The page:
Acute radiation syndrome (ARS), colloquially known as radiation sickness, is a rare yet often fatal set of symptoms that accompanies abnormally high exposure to ionizing radiation. ARS typically includes acute symptoms from single, large dose exposures as opposed to chronic symptoms, which develop from small, prolonged radiation exposure.
The SI derived unit Gray (symbol Gy) measures absorbed radiation and is 1 joule of ionizing radiation absorbed by a 1 kilogram mass. Given these units, there are two types of radiation: non-ionizing radiation (i.e. low frequency microwaves, radio waves, and visible light) and ionizing radiation (i.e. high frequency gamma and X-rays, alpha, beta, and gamma particles). Not only do different tissues have different susceptibilities to absorbing ionizing radiation, but the particle size directly correlates to the amount of damage incurred upon bodily cells; alpha particles are much more massive than beta particles. Moreover, the SI unit of equivalent dose, effective dose, and operational dose quantities is the sievert (Sv) with units joule per kilogram (J kg-1). Equivalent dose is calculated by multiplying the absorbed dose (in Gy) by the weighting factor. Thus, 1 Gy of alpha radiation constitutes a larger equivalent dose (i.e. more sieverts) than 1 Gy of beta particles because alpha particles have a weighting factor of 20 compared to a weighting factor of 1 for beta particles. 
In addition to the well-publicized instances of radiation warfare or radiation accidents at various nuclear power plants, other causes of ARS might be accidental exposure to an industry facility with high emissions of radiation or else excessively and improperly administered medical radiation treatments.  The X-rays that are used in standard medical procedures administer ionizing radiation doses well below 0.1 Gy, while up to 80 Gy might be administered in smaller 1.8-2.0 Gy fractions for combating cancer, such as the relatively radioresistent prostate cancer cells, with radiation therapy.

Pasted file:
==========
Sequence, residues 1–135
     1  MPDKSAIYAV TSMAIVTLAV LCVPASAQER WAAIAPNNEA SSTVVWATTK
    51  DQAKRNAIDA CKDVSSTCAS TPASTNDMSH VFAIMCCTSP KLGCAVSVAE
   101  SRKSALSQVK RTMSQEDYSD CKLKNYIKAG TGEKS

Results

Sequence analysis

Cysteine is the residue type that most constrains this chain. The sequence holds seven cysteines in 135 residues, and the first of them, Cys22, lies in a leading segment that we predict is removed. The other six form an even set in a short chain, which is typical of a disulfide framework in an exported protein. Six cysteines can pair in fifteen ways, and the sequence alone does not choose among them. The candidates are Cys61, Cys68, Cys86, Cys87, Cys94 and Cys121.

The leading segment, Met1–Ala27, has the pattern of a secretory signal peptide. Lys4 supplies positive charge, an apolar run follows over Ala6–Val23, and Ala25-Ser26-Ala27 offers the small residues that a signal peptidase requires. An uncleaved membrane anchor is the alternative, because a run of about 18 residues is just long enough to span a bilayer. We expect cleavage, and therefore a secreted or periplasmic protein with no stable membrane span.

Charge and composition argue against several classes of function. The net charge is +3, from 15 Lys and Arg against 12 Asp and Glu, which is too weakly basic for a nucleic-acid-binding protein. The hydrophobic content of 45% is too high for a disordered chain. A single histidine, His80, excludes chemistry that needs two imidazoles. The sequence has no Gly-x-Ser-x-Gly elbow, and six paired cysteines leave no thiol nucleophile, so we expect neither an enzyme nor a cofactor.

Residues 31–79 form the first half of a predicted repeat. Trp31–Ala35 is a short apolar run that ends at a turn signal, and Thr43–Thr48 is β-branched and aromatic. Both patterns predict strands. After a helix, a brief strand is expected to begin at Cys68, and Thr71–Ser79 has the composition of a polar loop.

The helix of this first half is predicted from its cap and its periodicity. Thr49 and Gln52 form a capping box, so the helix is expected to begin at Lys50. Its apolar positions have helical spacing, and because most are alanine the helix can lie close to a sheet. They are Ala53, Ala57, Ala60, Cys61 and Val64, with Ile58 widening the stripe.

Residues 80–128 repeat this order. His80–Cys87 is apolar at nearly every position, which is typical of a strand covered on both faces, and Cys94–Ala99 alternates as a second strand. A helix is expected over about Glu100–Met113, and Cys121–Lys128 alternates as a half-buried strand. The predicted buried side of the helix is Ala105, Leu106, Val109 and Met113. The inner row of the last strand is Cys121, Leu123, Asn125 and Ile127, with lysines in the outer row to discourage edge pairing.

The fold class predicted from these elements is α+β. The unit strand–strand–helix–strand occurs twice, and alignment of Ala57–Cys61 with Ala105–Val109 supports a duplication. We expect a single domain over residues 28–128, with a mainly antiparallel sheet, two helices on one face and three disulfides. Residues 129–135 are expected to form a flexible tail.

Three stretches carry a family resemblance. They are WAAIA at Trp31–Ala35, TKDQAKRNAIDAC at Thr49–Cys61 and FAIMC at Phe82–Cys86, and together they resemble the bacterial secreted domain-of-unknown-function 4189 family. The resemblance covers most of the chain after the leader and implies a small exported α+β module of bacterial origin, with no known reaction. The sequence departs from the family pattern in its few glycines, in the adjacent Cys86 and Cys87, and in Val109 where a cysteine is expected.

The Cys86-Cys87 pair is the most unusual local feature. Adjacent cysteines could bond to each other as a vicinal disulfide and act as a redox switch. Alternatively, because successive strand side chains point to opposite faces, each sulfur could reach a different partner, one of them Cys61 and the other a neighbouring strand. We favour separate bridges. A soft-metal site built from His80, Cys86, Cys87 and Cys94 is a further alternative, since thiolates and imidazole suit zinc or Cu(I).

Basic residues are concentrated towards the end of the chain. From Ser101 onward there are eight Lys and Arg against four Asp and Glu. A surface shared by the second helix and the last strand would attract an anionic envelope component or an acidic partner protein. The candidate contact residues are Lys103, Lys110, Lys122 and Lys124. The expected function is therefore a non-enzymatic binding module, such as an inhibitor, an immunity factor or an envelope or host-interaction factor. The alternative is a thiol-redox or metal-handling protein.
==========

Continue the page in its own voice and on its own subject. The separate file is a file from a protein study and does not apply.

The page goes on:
Unlike radiation-spawned diseases - like cancer - that manifest over long periods ominously, the symptoms that characterize ARS may appear moments after exposure. Depending on the degree of exposure and on what parts of the body, the telltale symptoms of ARS may occur as soon as few moments after exposure; with a few exceptions, the more severe the exposure in terms of proximity to source and duration of exposure, the greater the severity and the quicker the onset.  Doses as small as 1 Gy can be the start of ARS. Due to differences in ionizing radiation and the varying susceptibility of the body, there are three classic categories of syndromes: hematopoietic, gastrointestinal, and neurovascular. According to the Southern Medical Journal, Hemapoietic Syndrome includes damage to bone marrow and blood cells at excess of 2 Gy; symptoms include anemia, bleeding due to platelet loss, and decreased immunity. Gastrointestinal Syndrome occurs at about 8 Gy of exposure; symptoms include nausea, abdominal cramping, and diarrhea.  Neurovascular Syndrome is the rarest because the nervous system is the least sensitive to ionizing radiation; symptoms include meningitis and damage to cerebral vessels. 
ARS treatment includes bone marrow transplants and granulocyte colony-stimulating factor in addition to protein supplements (i.e. filgrastim) that attempt to stem the dramatic decrease in blood cells. Other chemical supplement treatments attempt to neutralize radioactive particles in the body by binding to the particles and, in so doing, prevent the particles from interacting with the bodily cells.  Unfortunately, death is likely for patients of ARS who have sustained ionizing radiation in excess of 6 Gy. Palliative care is oftentimes the only option remaining.
© Justin Lee. The author grants permission to copy, distribute and display this work in unaltered form, with attribution to the author, for noncommercial purposes only. All other rights, including commercial rights, are reserved to the author.
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